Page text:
IPL 2022: Sunrisers shine in night sky as Tripathi and Markram score impactful 50s

Rahul Tripathi and Aiden Markram struck fifties to give Sunrisers a facile win over Kolkata Knight Riders, whose total of 175 prove inadequate. The win, though, was set up by a supreme exhibition of aggressive fast bowling by Umran Malik and T Natarajan.

Stroke-ful Rahul

Rahul Tripathi is something of an enigma in Indian cricket. He has an array of strokes that could melt the eyes; a technique that’s sturdier than some of the silly shots he plays to get out suggest; he has the courage to take on some of the most feared bowlers in the game. But alas, his body of work does not match his potential.

That he is the highest run-getter among uncapped players captures the story of his career. He gets the runs, but not by truckloads that could barge his way to the national team. He is already 31, not an age where selectors could take a leap of faith in him. There, though, is the example of Suryakumar Yadav, but for that, he needs a Suryakumar Yadav kind of a season too.

But there always is a start, and this innings, wherein he surreptitiously blended aggression and timing, could be the start of the phase. From the moment he strode in, there was a sense of purpose and urgency about him. There were a host of familiar faces around him—he was a Kolkata Knight Rider last year, and he seemed to know the strength and flaws of every player inside out. Just the second legal ball he faced, he flicked Umesh Yadav, one of his best friends in the KKR team, regally through fine-leg.
The stroke conveyed the mood and touch he was in. But how many times have you seen him flatter to deceive? But this one did not. His next four was classier, Pat Cummins had only pitched marginally fuller, but he pressed forth, a full-fledged front-foot press, and drove him through covers. Even the Australian gazed at him admiringly.

After demonstrating his elegance, he showed his mental flexibility, his ability to improvise his strokes. Andre Russell had just nailed captain Kane Williamson with a short-of-length ball that he under-edged. Tripathi ventured for the ball.

Though short, the ball seamed back in to congest him for room, but he swayed his body back to get under the ball and fetched it over square leg. Russell and KKR were suddenly short of ideas and inspiration.
Their captain Shreyas Iyer summoned Varun Chakravarthy. Tripathi shunned him of all his mystery, looting him for a three sixes and a four in four balls he faced across two overs.

In a modest chase of 176, that was all the momentum SRH had craved for. KKR blinked, they froze, options were running out. Sunil Narine was the last throw of the dice. Tripathy stole singles of the first few balls diligently.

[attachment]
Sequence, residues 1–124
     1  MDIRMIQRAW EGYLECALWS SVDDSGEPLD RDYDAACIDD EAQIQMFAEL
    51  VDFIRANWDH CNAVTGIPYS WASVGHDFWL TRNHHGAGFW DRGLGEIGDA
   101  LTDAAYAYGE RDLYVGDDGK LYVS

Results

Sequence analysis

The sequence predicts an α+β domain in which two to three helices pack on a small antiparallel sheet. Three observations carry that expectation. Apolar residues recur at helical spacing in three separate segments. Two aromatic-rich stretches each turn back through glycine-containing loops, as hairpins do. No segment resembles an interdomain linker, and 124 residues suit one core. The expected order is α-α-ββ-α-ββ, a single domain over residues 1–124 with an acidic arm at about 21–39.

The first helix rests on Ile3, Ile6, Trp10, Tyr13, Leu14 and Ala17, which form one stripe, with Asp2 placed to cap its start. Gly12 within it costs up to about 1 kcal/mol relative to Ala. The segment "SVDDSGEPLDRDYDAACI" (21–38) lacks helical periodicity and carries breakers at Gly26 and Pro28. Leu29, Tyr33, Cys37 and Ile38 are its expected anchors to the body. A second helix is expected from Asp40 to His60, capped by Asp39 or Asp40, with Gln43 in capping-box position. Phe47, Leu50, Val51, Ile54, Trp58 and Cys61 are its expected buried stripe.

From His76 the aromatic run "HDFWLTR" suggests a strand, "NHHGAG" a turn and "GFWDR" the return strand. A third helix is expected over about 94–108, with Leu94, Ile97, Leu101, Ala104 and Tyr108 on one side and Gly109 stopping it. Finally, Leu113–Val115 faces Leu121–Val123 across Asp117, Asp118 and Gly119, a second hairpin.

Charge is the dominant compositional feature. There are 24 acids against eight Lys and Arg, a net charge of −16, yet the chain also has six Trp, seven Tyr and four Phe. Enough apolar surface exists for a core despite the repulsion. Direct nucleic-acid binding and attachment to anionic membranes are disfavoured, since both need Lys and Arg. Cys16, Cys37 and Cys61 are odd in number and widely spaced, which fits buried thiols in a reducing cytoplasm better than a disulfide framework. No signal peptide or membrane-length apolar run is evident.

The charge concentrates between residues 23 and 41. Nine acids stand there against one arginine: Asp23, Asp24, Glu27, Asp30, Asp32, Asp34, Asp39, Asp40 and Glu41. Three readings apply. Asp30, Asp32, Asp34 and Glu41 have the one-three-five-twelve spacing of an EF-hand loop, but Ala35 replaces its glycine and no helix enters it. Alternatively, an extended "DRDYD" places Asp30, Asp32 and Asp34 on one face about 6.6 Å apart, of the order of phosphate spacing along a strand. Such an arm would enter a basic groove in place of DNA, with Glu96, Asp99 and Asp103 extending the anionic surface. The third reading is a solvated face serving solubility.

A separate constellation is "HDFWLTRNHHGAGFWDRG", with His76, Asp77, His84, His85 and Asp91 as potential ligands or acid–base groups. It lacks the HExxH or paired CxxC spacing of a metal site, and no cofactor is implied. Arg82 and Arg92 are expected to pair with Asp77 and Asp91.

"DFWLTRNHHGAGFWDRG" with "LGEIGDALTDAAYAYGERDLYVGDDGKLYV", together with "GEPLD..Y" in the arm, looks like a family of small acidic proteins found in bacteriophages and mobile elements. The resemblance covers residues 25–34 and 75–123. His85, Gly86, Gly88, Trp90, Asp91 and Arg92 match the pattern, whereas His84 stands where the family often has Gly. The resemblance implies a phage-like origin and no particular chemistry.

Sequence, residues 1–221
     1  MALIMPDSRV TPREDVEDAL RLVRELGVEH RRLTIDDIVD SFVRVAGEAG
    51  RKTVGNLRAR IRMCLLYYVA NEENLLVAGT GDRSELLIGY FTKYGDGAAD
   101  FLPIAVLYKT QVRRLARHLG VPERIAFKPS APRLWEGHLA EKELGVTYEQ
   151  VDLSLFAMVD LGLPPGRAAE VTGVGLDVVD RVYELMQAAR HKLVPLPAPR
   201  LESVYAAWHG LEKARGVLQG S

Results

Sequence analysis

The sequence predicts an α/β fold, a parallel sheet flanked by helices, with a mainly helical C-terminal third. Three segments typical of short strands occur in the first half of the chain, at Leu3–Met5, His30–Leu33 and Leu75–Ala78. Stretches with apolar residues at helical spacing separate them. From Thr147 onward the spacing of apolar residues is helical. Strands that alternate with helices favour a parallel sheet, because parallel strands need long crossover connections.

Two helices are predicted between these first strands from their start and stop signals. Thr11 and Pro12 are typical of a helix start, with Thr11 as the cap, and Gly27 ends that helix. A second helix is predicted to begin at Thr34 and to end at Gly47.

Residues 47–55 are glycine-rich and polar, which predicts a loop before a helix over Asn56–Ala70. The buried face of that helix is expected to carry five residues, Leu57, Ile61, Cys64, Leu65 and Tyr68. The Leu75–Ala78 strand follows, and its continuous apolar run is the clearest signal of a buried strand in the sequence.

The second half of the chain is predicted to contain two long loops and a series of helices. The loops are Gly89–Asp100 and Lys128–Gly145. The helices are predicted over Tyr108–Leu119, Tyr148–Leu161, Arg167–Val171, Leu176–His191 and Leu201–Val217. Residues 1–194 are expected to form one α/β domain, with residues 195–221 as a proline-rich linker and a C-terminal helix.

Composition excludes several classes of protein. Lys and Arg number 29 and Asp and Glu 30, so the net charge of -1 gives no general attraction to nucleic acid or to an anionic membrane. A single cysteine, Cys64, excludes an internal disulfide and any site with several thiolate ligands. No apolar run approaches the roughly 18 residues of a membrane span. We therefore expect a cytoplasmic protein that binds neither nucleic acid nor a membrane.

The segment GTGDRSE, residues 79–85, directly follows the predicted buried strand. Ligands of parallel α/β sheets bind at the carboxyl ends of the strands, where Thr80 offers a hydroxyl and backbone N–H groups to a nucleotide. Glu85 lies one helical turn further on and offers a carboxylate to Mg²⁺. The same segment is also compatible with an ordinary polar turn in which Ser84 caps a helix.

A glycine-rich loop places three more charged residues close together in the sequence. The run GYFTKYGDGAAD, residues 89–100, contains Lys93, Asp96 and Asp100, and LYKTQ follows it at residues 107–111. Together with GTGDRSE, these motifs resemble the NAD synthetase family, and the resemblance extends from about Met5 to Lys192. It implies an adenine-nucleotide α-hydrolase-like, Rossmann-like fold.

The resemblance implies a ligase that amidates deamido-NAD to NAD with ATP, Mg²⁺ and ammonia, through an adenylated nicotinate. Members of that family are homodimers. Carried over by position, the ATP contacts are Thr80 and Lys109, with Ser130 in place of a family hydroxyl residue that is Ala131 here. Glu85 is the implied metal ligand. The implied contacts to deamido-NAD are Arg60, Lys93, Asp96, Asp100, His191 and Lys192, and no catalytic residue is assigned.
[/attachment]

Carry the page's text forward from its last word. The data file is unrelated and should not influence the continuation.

But when he landed an off-break fuller outside the off-stump, he lunged forth and swatted him with the impatient disdain of a brute annoyed by a pesky fly. Soon after, he completed his half-century, off only 21 balls. Run-rate under control, he decelerated and inched SRH closer to the finish line. Though he perished, Aiden Markram, with an unbeaten 68 steered them home with 13 balls to spare.

KKR would feel that the snubbed are biting them. Only a few games ago, Kuldeep Yadav, who was benched for almost the entire season, demolished them with an exhibition of high-class spin bowling. It was Tripathi’s turn next, and they would be wondering whose turn it would be next.

Sting of the pace-pack

Only one of SRH’s pace quartet is an overseas entity—the South African Marco Jansen. But their domestic assemblage sufficed. Bhuvneshwar Kumar, though not at his deceptive best showed the value of his experience, removing Pat Cummins at a crucial juncture of the match. His assortment of yorkers and slower ones are still hard to line up for the big strokes.

But the man who is making batsmen hop in fear is Umran Malik. He enhanced his reputation by ratcheting up hostility and aggro. He blasted the stumps of Shreyas Iyer with a blinding yorker, before he restricted the marauding Andre Russell to just two runs in an over that was all fire and fury. The Jamaican did all he could to connect with the ball, but ended swishing the thin air five times in an over. A rib-shattering bouncer had him spread-eagled on the turf, while trying to bob away from it.
The forgotten T Natarajan too showed stirrings of a renaissance after a set of unfortunate injuries. He dislodged Venkatesh Iyer and Sunil Narine with the new ball before he swallowed Nitish Rana, the top-scorer with 54 runs, at the death.

Though Russell brought on the afterburners, KKR’s total fell inadequate.

Brief Scores:

KKR 175 for 8 in 20 overs (Nitish Rana 54, Andre Russell 49 not out; T Natarajan 3/37, Umran Malik 2/27) VS SRH 176/3 in 17.5 overs (Rahul Tripathi 71, Aiden Markram 68 not out; Andre Russell 2/20).

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